• create permanent connections for children and youth.
In his budget testimony before the General Assembly, Yacovone reported on the Economic Services Division’s four performance highlights, accomplished by 376 state employees.
• Half of the highlights related to improving the speed the division processes applications for assistance with food, fuel, work, housing and health insurance.
• Another highlight was the addition of a new rental subsidy program, where the state pays part of the monthly rent of a homeless Vermonter for up to a year.
• The final highlight referenced assistance provided to 5,800 Vermont families on welfare, including the distribution of 200 cars and provision of 26,000 rides to work.
• Reach Up, the welfare to work program, has experienced a small drop, from 1,121 to 939 families in the three-county region.
• General Assistance has gone from 1,248 to a little over 700 cases. However, many of these individuals moved onto the federal Social Security benefits programs. In 2011, just 12 percent found employment.
• Fuel assistance and food stamps dependence has continued to leap in the Kingdom, adding 22 percent more households in the past four years to the rolls; 7,209 families now receive food stamps and 5,516 get help with fuel bills. In the past 10 years, food stamps participation statewide grew 237 percent.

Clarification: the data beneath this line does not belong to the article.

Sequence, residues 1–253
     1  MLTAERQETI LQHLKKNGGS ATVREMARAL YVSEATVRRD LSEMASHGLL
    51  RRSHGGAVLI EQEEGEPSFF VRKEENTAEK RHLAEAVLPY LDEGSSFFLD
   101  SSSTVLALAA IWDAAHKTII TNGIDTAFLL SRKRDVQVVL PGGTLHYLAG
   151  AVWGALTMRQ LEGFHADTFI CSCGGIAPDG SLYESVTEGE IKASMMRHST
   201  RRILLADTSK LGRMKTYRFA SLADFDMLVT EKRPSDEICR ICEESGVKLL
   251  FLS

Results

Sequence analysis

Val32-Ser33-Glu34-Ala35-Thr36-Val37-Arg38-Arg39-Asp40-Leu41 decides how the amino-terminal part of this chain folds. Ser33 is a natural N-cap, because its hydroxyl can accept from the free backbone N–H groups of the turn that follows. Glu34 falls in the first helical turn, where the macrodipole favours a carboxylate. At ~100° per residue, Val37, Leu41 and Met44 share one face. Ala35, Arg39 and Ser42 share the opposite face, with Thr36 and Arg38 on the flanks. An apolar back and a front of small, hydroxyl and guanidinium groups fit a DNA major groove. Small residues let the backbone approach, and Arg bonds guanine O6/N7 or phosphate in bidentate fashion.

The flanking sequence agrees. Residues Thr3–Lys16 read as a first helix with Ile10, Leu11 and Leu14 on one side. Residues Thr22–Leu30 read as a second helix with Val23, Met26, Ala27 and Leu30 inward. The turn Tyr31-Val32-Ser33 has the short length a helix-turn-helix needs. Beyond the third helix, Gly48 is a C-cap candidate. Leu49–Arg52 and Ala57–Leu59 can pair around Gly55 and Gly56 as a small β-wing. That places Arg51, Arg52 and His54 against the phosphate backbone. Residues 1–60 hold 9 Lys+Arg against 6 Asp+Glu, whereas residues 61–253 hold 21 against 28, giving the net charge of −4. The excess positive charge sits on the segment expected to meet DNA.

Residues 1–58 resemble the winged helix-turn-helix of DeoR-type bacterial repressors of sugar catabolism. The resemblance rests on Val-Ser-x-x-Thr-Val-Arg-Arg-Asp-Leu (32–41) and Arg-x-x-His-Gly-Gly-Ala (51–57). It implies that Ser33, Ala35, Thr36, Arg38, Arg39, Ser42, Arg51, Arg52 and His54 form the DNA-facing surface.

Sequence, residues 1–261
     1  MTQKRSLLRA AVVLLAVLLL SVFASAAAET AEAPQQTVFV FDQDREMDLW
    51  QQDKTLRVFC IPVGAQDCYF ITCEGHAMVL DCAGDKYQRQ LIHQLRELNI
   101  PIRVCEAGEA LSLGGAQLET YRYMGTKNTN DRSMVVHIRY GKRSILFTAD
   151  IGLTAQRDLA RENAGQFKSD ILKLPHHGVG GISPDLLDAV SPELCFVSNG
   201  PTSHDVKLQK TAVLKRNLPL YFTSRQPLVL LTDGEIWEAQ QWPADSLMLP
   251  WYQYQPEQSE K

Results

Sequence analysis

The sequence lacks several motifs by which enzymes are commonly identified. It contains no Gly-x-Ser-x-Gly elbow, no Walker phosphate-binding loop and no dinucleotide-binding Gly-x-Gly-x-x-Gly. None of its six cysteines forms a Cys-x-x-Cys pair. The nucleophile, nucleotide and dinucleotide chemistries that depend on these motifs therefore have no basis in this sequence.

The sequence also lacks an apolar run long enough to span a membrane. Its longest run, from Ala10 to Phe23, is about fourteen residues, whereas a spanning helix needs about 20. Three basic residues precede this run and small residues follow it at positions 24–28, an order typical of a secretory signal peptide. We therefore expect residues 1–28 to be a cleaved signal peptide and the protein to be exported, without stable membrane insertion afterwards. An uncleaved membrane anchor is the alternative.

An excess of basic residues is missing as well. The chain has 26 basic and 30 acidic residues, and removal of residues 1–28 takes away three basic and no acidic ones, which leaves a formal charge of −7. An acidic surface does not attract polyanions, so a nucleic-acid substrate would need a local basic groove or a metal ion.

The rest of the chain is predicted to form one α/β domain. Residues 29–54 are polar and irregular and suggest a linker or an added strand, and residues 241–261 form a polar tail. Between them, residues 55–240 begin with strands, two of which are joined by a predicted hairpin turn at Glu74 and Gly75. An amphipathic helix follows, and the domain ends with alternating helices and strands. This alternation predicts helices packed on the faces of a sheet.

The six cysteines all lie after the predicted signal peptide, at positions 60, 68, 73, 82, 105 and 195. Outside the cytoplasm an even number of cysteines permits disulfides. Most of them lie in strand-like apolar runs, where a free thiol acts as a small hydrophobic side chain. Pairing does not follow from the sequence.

• ThreeSquaresVT reports the average monthly administrative cost per case in 2011 in Vermont was $122.01, while the United States Department of Agriculture reports the average monthly benefit per Vermonter for the same time period was $122.10.
• Within the Reach Up world, the average grant runs around $640 a month, and costs $210 a month to administer.
Bethany Knight of Glover is a former newspaper reporter, magazine editor, college journalism instructor, gubernatorial speech writer and health care executive. She co-authored five reports on Vermont issues produced by the Ethan Allen Institute. A licensed nursing home administrator, Knight’s books for caregivers are sold by Hartman Publishing. Her first novel, “On the Edge of Tickle,” can be found at http://vtdigger.org/2012/12/21/part-1-kingdom-to-king-dump/.